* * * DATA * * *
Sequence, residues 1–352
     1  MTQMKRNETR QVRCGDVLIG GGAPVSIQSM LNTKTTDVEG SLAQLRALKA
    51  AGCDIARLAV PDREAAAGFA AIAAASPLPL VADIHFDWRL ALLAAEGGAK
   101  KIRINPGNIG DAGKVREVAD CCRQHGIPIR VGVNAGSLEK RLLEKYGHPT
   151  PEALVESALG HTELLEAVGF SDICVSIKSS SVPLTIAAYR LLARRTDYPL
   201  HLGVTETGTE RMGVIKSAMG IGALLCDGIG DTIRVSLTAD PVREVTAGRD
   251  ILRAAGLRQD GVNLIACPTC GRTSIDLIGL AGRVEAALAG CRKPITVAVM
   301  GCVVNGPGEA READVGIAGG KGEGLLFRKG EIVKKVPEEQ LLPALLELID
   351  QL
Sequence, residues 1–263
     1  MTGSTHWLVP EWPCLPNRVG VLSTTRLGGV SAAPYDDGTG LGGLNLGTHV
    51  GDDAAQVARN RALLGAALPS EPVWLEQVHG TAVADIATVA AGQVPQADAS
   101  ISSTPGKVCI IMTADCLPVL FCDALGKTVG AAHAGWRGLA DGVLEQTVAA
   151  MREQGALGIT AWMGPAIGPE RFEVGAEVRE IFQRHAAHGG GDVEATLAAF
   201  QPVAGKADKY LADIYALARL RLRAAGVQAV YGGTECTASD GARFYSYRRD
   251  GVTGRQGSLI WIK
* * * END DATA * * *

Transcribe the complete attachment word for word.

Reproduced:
Sequence, residues 1–352
     1  MTQMKRNETR QVRCGDVLIG GGAPVSIQSM LNTKTTDVEG SLAQLRALKA
    51  AGCDIARLAV PDREAAAGFA AIAAASPLPL VADIHFDWRL ALLAAEGGAK
   101  KIRINPGNIG DAGKVREVAD CCRQHGIPIR VGVNAGSLEK RLLEKYGHPT
   151  PEALVESALG HTELLEAVGF SDICVSIKSS SVPLTIAAYR LLARRTDYPL
   201  HLGVTETGTE RMGVIKSAMG IGALLCDGIG DTIRVSLTAD PVREVTAGRD
   251  ILRAAGLRQD GVNLIACPTC GRTSIDLIGL AGRVEAALAG CRKPITVAVM
   301  GCVVNGPGEA READVGIAGG KGEGLLFRKG EIVKKVPEEQ LLPALLELID
   351  QL
Sequence, residues 1–263
     1  MTGSTHWLVP EWPCLPNRVG VLSTTRLGGV SAAPYDDGTG LGGLNLGTHV
    51  GDDAAQVARN RALLGAALPS EPVWLEQVHG TAVADIATVA AGQVPQADAS
   101  ISSTPGKVCI IMTADCLPVL FCDALGKTVG AAHAGWRGLA DGVLEQTVAA
   151  MREQGALGIT AWMGPAIGPE RFEVGAEVRE IFQRHAAHGG GDVEATLAAF
   201  QPVAGKADKY LADIYALARL RLRAAGVQAV YGGTECTASD GARFYSYRRD
   251  GVTGRQGSLI WIK